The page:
Internal versus external promotion [1 of 4]
[With thanks to my Middlesex colleagues Charles Dennis, Praveen Kujal for very helpful comments. A special thank-you to my long-time co-author and friend Markus Pudelko for his very insightful four-page friendly review!]
In academia, promotion through the ranks can be a very slow, frustrating, and opaque process. There are also very few things in academic life that generate such strong emotions as promotion applications. This is not entirely surprising. Academic salaries are relatively low when compared to other professions that require the same length of training and working hours and rejection is a constant feature of academic lives.
Hence, promotion is one of the few big positive reinforcements we get in our careers. So if promotion applications are unsuccessful, academics often feel very deeply about this. For some it can be like geting a dozen rejections for journal submissions and grant application submissions all in one go. Moreover, as our work is typically such an important part of our personal identity, rejection of an internal promotion application in particular can feel like a rejection from someone close to you, hurting both your feelings and your pride.
And that’s what I want to focus on in the remainder of this post, the difference between internal and external promotion. Let me readily declare my own experience (and thus possible bias) here. In the early part of my career I felt I had to move jobs to get my promotion to Senior Lecturer; my promotion applications to Associate Professor and Full Professor were both rejected the first time around. I have been part of dozens of recruitment and internal promotion panels and have seen opinions clash, games being played, and emotions run high. So it should be no surprise that this is one of the longest blogposts I have ever published. I have therefore split it in four parts. Make sure you get to part 4 as there are some useful tips there:
Internal vs. external promotion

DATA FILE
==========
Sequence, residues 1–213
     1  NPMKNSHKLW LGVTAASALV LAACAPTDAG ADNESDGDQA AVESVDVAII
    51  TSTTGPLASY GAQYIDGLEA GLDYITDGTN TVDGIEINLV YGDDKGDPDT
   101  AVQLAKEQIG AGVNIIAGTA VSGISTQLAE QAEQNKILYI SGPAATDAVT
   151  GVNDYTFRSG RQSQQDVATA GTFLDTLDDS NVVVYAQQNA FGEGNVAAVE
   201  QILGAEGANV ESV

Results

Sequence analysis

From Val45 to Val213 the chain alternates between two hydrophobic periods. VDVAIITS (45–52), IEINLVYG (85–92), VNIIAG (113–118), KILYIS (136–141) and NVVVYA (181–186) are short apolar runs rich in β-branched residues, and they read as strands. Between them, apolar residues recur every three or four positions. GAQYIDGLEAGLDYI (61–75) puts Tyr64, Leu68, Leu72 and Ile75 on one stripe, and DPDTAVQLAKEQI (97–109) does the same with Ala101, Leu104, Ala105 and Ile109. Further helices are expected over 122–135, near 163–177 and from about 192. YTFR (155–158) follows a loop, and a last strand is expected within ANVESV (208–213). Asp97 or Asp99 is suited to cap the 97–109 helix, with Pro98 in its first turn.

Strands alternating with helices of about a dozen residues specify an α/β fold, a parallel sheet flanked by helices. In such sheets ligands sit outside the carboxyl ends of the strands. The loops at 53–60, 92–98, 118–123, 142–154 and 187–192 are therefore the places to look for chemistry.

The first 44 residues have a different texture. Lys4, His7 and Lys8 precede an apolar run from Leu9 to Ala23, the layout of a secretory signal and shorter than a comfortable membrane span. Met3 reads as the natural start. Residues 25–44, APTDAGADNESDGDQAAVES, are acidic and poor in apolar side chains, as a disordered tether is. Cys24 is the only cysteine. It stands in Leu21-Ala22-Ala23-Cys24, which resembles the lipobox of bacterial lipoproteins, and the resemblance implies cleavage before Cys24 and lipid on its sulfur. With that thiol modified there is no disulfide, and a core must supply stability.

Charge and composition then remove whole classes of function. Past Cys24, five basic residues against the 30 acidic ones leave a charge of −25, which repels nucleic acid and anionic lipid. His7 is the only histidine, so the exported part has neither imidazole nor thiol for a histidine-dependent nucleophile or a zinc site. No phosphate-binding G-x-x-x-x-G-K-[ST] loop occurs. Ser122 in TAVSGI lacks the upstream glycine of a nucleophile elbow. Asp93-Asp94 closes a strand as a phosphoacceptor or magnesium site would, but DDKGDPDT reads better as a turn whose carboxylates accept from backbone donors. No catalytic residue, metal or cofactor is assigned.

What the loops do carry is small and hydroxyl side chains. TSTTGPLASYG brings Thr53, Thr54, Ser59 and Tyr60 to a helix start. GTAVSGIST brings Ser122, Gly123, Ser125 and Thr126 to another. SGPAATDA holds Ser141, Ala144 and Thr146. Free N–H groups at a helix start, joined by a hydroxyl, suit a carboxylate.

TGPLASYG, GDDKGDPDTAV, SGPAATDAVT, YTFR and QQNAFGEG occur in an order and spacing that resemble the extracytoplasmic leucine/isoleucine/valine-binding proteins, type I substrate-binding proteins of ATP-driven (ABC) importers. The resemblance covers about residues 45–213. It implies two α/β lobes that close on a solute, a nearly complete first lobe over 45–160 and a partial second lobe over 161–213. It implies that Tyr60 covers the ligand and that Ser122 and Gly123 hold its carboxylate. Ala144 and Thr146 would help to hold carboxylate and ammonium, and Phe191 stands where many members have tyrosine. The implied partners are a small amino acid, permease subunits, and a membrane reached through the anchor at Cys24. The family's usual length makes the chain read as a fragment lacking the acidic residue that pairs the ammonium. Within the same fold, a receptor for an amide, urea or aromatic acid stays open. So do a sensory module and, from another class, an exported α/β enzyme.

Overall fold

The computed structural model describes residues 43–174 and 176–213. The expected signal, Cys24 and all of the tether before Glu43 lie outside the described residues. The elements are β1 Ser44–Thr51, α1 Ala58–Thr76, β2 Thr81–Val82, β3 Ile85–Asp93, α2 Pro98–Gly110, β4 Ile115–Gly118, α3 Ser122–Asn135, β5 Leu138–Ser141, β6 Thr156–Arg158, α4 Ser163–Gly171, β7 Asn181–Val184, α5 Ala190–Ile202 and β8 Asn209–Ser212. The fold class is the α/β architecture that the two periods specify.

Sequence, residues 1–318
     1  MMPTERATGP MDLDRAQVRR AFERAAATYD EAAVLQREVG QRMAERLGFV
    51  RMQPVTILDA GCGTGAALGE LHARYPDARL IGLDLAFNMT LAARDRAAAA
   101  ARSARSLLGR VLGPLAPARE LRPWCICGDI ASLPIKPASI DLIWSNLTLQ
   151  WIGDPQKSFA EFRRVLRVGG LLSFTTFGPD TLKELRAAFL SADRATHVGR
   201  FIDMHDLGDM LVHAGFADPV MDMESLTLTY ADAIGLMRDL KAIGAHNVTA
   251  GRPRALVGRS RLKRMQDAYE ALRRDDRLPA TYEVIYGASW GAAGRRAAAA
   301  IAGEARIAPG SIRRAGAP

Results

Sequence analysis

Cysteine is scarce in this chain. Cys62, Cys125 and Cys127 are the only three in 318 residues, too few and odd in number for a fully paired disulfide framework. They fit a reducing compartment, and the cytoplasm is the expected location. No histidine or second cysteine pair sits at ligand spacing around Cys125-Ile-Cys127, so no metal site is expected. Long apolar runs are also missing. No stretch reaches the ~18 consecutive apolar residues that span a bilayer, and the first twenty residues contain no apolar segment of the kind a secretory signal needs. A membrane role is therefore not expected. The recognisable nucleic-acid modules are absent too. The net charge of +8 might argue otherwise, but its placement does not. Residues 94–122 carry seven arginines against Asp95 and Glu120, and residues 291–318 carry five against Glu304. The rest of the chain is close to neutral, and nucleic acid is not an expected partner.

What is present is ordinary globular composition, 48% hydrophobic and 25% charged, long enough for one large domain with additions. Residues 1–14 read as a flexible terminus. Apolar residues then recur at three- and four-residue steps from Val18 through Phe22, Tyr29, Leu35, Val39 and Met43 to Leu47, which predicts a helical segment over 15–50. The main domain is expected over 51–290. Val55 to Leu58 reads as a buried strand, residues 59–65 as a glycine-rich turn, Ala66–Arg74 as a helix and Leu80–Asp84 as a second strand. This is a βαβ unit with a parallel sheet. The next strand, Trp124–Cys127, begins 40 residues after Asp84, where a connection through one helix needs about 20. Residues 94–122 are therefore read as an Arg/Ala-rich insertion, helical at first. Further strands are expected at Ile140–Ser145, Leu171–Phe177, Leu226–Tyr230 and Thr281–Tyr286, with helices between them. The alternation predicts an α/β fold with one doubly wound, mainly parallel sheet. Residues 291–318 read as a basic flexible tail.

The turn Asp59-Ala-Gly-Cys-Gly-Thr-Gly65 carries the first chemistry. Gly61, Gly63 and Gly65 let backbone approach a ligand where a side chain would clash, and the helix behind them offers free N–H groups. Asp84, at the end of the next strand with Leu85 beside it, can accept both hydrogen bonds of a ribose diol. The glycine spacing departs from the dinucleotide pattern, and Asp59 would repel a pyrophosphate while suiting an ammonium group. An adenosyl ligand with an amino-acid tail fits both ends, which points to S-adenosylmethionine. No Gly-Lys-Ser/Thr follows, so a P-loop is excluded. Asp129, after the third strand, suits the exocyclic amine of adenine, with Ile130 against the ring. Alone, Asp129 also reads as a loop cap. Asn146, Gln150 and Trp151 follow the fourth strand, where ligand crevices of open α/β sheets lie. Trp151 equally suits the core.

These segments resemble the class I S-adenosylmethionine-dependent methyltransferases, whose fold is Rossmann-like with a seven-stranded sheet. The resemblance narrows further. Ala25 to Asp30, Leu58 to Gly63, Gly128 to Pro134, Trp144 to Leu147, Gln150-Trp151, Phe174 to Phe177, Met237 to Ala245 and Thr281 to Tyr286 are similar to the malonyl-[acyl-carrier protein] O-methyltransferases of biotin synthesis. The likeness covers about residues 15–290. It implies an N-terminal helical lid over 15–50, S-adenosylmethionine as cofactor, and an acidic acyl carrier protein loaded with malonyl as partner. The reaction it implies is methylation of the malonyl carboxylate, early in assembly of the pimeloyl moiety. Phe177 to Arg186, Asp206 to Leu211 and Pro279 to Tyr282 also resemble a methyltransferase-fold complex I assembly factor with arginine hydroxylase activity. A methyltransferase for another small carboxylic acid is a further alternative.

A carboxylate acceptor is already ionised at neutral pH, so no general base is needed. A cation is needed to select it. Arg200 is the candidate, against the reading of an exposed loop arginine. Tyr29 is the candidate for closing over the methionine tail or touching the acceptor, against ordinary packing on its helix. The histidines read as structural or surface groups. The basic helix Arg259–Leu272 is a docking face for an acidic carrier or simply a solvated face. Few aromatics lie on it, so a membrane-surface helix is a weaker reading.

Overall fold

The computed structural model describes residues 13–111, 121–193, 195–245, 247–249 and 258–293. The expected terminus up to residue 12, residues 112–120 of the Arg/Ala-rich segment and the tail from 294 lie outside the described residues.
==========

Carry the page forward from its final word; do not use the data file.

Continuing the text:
Most academics will tell you that external promotion – getting promoted by applying for a higher-level job at another institution – is “easier” than internal promotion – getting promoted by putting in a promotion application at your own institution. For one thing, it is generally much less work. My own – internal – promotion applications at the University of Melbourne generally took me about six weeks of work to prepare. They were substantive 20-page documents in which you needed to make an “argued case” that you were already operating at the level that you wanted to be promoted to.
In terms of research, this means much more than simply listing grants, publications and citations. You are expected to show your “leadership in the academic discipline”, which involves having a coherent research program (or preferably several programs; I had five active research programs when I applied as Associate Professor) that has made a real difference in the field, both academically and societally. So rather than just rattling off the mantra “I have 15 A*/4* and 10 A/3* – or whatever the ranking system is – publications”, you need to talk about why the actual content of your research has made a difference and is of major international significance. This is something many academics find surprisingly hard to do!
In contrast – depending on the country/university – applying for promotion externally can be as simple as sending in your CV and a short application letter, or even just being headhunted for a particular position. At worst, it might involve struggling with online application systems and addressing specific selection criteria, but in my – admittedly limited – experience, this rarely takes more than a day or two. However, in addition to being more time-consuming, internal promotion is also typically harder to achieve. The same academic record that might see you rejected for promotion internally might well lead to an offer for external promotion.
It is not surprising that many academics take the external route and come back to their home institution with a job offer, expecting it to be matched. In some countries, universities even actively encourage this and are unwilling to consider promotion or a salary raise unless academics secure an outside offer. Some academics have even informed me that actually handing in your notice (i.e. resigning) might grant you "instant promotion". Although these strategies might well work, they are by no means guaranteed to do so, so be prepared to walk away or eat humble pie!
- Academic labour markets in Europe vary widely in openness and job security
- How to prevent burn-out? About staying sane in academia
- The four P's of publishing
- The four C's of getting cited
- Citation analysis: Tips for Deans and other administrators
- How to ensure your paper achieves the impact it deserves?
- Presenting your case for tenure or promotion?
- Making your case for impact if you have few citations
- How to write successful funding applications?
Copyright © 2018 Anne-Wil Harzing. All rights reserved. Page last modified on Sun 3 Jun 2018 13:21
Anne-Wil Harzing is Professor of International Management at Middlesex University, London and visiting professor of International Management at Tilburg University. In addition to her academic duties, she also maintains the Journal Quality List and is the driving force behind the popular Publish or Perish software program.